25/10/2021.

Complete redesign

With evolutions every year, the circuit as described above worked for several years, but did not age well. The plywood became quite warped and in some places delaminated due to dampness (the modules were stored for the winter in an unheated garage). In addition, the user was also getting older: I found it increasingly difficult to move the larger modules.

Another trouble was that the agglomerated cork ballast base shrank significantly in some places, about 1 cm per metre. I think this is due to it drying out.

So it was time to redesign, with the following requirements:

I ended up choosing extruded polystyrene for the tables. Advantages: very good flatness, good rigidity (depending on the thickness, in my case 60 mm), easy to cut, cheap and, of course, very light. Disadvantages: fragile surface, complicated gluing, dusty machining.

For the edges, I keep the 10 mm plywood, but cut the widths to 8 cm for the visible side and 12 for the other. This way, I will be able to recover the old sides by eliminating the damaged parts (because I don’t want to redo everything from scratch).

New structure

Exploded structure of the new modules

Assembled structure of the new modules

As can be seen in the drawings above, the extruded polystyrene board is fitted between the two plywood sides, joined by 20 × 35 mm cleats, all screwed together with stainless-steel torx screws. Not shown here, the sides are screwed to the board at approximately 40 cm intervals using special dowels. These dowels would not be suitable for hanging a load of course, but were perfect for holding the plywood edges to the edge of the XPS plates while the glue dried.

The modules are assembled using simple 8 × 70 lag bolts.

Cutting the polystyrene

I bought a thermal cutter, but this tool proved to be unsuitable, even for curvilinear cuts. The blade is too flexible and doesn’t allow a perpendicular cut, which is a bit like a jigsaw. On the other hand, the cut surface consists of melted and therefore hardened polystyrene. In the end, a good cutter does the job better, provided you make several passes.

The problem of gluing

I started by testing gluing XPS (extruded polystyrene) on plywood. The main requirements are that the XPS should not be attacked, that the glue should be able to fill any irregularities, that the glue should be resistant to moisture and that it should be strong and durable enough. I tried two adhesives.

The first, which I thought was the best for this kind of work, was polyurethane glue. So I bought a cartridge of Sikaflex High Tack.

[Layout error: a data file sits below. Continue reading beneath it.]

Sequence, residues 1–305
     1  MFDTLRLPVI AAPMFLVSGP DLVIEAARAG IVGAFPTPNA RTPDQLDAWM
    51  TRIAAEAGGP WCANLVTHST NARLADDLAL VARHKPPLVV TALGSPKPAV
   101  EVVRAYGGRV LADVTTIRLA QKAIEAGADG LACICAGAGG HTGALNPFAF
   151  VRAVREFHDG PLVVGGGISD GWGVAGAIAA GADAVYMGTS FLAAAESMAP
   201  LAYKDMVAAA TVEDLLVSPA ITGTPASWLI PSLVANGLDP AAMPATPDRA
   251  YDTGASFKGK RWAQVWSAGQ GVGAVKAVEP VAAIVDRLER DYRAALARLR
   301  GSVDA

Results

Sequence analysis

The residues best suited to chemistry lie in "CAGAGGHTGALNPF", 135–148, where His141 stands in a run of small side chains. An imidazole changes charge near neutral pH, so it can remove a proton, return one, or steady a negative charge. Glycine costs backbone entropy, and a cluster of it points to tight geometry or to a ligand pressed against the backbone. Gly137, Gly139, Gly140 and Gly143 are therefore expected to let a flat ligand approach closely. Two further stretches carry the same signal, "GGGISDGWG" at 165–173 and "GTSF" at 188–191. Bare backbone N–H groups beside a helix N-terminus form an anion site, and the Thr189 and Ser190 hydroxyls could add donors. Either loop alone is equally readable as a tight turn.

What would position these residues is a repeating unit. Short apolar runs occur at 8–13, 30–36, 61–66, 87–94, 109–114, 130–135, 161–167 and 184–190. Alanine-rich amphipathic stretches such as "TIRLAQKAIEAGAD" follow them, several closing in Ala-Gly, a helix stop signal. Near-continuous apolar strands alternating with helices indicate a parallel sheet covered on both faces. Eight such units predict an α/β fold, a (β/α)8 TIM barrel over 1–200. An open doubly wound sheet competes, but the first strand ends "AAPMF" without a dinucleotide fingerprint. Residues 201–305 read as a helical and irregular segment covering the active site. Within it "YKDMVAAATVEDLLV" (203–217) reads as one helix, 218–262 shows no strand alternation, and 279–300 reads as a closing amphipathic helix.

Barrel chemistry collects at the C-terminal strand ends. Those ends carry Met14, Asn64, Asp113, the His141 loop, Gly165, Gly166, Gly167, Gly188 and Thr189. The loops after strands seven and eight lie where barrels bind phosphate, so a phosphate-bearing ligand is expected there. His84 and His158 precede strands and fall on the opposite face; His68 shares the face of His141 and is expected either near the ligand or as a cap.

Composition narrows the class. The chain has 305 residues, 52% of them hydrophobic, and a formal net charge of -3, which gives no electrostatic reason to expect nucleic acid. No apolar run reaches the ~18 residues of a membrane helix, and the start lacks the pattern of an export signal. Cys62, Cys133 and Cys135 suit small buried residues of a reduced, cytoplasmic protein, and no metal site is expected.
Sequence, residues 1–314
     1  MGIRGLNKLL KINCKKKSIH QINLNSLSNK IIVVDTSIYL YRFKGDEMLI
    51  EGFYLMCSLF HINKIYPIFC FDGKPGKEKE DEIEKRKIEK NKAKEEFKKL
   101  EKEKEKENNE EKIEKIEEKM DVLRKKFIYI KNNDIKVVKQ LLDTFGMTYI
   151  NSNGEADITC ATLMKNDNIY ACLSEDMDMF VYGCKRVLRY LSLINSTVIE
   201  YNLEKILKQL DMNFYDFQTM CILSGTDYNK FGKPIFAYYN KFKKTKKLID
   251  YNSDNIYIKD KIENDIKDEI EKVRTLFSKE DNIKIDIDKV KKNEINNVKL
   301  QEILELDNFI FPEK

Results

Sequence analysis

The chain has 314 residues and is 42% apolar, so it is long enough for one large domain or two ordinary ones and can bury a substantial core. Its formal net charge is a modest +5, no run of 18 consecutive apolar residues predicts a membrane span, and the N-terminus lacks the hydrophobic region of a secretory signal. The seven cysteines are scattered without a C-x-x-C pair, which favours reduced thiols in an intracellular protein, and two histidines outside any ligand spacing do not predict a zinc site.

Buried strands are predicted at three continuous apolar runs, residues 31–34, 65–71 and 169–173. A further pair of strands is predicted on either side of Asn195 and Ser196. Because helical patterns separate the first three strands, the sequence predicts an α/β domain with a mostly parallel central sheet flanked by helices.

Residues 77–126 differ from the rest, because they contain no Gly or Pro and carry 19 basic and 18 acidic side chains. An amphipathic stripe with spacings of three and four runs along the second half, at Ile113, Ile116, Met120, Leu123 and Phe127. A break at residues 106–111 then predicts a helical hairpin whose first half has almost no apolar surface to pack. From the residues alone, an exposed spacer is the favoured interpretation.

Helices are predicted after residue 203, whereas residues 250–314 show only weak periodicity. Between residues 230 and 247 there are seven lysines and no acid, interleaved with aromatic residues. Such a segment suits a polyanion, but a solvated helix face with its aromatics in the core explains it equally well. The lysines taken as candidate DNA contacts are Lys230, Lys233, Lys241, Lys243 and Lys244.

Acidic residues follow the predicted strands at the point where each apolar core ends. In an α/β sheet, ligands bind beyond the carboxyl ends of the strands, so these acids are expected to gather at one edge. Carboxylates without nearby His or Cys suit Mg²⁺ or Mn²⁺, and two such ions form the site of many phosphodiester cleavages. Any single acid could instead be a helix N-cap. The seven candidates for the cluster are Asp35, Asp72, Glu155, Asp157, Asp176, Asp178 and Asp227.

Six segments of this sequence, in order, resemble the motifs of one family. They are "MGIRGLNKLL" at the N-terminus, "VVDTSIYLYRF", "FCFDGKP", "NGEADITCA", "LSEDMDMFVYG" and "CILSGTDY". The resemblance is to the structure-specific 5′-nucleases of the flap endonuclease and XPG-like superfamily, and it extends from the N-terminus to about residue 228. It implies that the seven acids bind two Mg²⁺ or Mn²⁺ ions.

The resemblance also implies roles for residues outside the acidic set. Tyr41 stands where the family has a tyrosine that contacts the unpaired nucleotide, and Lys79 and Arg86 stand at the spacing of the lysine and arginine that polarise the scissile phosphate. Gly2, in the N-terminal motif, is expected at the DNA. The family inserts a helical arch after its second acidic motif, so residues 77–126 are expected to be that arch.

A sample of XPS is assembled on a piece of plywood, clamped and left to dry overnight. Disappointing: easy to pull off by hand. The glue stays on the plywood, nothing on the XPS.

Later, I tried to glue a module with this glue: same punishment, nothing held!

So, reluctantly I admit, but on the advice of many DIY sites, I settled on vinyl wood glue. My big doubt was about the possibility of water evaporation and therefore drying, especially if I needed to glue two pieces of XPS together.

I chose the Pattex wood waterproof. It is supposed to bond laminate to wood in 40 minutes, but there is no mention of the possibility of bonding polystyrene to itself. It did however give satisfaction, although for the moment I don’t have any experience on the duration. You just have to be patient and let it dry for at least 24 hours under clamping, which can be restrictive.

One disadvantage is that the dried glue is very hard — it really has no flexibility.

For assembly, I had to buy new long clamps:

Example of gluing a module

Do not forget to use spacers to distribute the pressure, otherwise the XPS will crush!

Example of gluing a module

For oblique clamping, triangular wedges are temporarily screwed in.

The use of clamps was combined with the use of the dowels mentioned above.

Gluing the tracks

The gluing of the tracks — both the cork ballast on the polystyrene and the sleepers — was done with the same Pattex wood glue, without any problems.

For one module, I tested the use of Tramiband as ballast, which is, and I quote, a high resilience closed cell polyolefin foam strip with an instant adhesive. It is used to seal and insulate between the rail and the floor in partitions (on metal frames, I would add). Disadvantage: this strip is covered with a non-stick film that completely prevents the track from being glued. This film must be peeled off after the Tramiband has been stuck to the substrate. I think that this strip reduces rolling noise, but I was unable to check this because I did not have a sound level meter.